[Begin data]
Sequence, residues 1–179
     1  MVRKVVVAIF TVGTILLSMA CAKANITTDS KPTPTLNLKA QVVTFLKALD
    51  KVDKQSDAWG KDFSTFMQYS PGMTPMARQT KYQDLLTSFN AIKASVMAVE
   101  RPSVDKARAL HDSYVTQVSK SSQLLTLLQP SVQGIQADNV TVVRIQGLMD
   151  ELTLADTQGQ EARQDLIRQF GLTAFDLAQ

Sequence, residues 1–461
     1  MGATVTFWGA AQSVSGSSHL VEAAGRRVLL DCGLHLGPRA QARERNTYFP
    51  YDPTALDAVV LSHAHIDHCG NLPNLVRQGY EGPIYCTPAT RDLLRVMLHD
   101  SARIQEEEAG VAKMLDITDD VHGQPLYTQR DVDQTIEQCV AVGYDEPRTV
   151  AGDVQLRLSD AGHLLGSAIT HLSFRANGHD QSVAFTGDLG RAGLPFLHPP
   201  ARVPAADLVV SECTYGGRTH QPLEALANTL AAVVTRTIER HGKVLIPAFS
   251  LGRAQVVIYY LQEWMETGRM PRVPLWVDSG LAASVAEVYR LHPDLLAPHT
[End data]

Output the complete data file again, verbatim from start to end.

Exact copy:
Sequence, residues 1–179
     1  MVRKVVVAIF TVGTILLSMA CAKANITTDS KPTPTLNLKA QVVTFLKALD
    51  KVDKQSDAWG KDFSTFMQYS PGMTPMARQT KYQDLLTSFN AIKASVMAVE
   101  RPSVDKARAL HDSYVTQVSK SSQLLTLLQP SVQGIQADNV TVVRIQGLMD
   151  ELTLADTQGQ EARQDLIRQF GLTAFDLAQ

Sequence, residues 1–461
     1  MGATVTFWGA AQSVSGSSHL VEAAGRRVLL DCGLHLGPRA QARERNTYFP
    51  YDPTALDAVV LSHAHIDHCG NLPNLVRQGY EGPIYCTPAT RDLLRVMLHD
   101  SARIQEEEAG VAKMLDITDD VHGQPLYTQR DVDQTIEQCV AVGYDEPRTV
   151  AGDVQLRLSD AGHLLGSAIT HLSFRANGHD QSVAFTGDLG RAGLPFLHPP
   201  ARVPAADLVV SECTYGGRTH QPLEALANTL AAVVTRTIER HGKVLIPAFS
   251  LGRAQVVIYY LQEWMETGRM PRVPLWVDSG LAASVAEVYR LHPDLLAPHT